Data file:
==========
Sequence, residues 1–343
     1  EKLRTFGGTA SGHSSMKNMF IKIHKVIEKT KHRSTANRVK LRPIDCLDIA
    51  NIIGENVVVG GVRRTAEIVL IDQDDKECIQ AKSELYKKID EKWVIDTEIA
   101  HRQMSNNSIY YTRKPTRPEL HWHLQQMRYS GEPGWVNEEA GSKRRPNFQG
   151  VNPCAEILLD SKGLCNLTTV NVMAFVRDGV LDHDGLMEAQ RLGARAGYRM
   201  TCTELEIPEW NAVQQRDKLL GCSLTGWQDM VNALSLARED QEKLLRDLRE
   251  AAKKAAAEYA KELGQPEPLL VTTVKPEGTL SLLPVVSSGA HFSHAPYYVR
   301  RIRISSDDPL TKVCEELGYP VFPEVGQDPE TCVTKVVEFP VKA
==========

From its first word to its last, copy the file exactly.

Sequence, residues 1–343
     1  EKLRTFGGTA SGHSSMKNMF IKIHKVIEKT KHRSTANRVK LRPIDCLDIA
    51  NIIGENVVVG GVRRTAEIVL IDQDDKECIQ AKSELYKKID EKWVIDTEIA
   101  HRQMSNNSIY YTRKPTRPEL HWHLQQMRYS GEPGWVNEEA GSKRRPNFQG
   151  VNPCAEILLD SKGLCNLTTV NVMAFVRDGV LDHDGLMEAQ RLGARAGYRM
   201  TCTELEIPEW NAVQQRDKLL GCSLTGWQDM VNALSLARED QEKLLRDLRE
   251  AAKKAAAEYA KELGQPEPLL VTTVKPEGTL SLLPVVSSGA HFSHAPYYVR
   301  RIRISSDDPL TKVCEELGYP VFPEVGQDPE TCVTKVVEFP VKA